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Getting excited about fungi on a wet day at Hindmarsh Falls, Fleurieu Peninsula.

In the last year or so we’ve really begun to appreciate the importance of fungi in a living landscape. The fungi (toadstools, mushrooms and so on) we see pop up after rain are the fruiting bodies of sometimes vast underground fungal networks. Some of these fungi form relationships with plant roots that are often mutually beneficial and enhance the plant’s ability to access nutrients and moisture. The Australian National Botanic Gardens suggest that some 80-90% of Australian plants form or benefit from mycorrhizal networks (fungal associations), and may derive up to 30% of their food through this symbiotic relationship.

The fungal networks are fragile and easily damaged by cultivation and compaction, and it has taken five years before we’ve begun to see fungi returning to areas where we’ve excluded livestock and revegetated. Some of these fungi have come in with mulch (and they’re most welcome), but most heartening are those that have sprung up unbidden, often around our more established saplings.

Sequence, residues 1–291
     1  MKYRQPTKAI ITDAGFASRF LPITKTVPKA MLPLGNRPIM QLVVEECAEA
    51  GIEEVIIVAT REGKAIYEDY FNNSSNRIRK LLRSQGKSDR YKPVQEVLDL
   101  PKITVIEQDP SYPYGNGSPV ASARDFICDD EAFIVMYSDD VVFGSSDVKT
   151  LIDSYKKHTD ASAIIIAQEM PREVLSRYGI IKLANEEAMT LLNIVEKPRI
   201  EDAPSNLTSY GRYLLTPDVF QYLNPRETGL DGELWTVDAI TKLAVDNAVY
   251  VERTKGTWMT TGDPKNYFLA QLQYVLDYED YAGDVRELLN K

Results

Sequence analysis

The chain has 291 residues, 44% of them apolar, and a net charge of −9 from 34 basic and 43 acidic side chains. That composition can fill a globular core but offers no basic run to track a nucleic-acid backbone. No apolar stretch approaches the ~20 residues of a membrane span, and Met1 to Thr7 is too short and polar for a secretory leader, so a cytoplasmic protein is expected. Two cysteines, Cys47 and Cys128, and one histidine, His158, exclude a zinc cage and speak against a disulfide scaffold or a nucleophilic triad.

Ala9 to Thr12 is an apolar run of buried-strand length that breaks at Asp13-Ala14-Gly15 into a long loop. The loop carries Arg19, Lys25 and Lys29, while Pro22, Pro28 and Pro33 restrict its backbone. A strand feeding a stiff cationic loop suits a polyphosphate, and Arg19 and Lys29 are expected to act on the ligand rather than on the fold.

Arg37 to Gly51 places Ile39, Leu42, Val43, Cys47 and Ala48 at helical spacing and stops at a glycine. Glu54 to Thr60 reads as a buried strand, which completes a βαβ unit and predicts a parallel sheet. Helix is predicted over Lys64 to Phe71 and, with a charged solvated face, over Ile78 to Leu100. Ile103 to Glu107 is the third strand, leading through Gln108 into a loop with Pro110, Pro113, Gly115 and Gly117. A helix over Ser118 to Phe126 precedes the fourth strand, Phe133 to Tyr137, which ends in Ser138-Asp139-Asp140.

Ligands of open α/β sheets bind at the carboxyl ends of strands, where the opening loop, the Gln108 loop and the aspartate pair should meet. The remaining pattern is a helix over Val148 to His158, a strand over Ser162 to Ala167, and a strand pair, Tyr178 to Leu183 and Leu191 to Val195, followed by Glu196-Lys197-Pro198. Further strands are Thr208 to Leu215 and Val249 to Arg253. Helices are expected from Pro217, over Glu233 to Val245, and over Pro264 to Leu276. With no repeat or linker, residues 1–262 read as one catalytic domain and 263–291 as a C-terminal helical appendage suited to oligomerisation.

In our fungal journey, we’ve discovered the vast diversity of the fungal world and so are completely hopeless at identifying what they might be. We’d love any suggestions for these we’ve spotted on our property and beyond!

Pretty sure this is a Common Rosegill (Volvopluteus gloiocephalus), growing in mulch.

Another Common Rosegill, near the one above.

Growing on a log in a gully. Any thoughts?

In pasture near Acacia paradoxa, Rapid Bay.

These were clustered near the base of some eucalyptus saplings.

More of the same.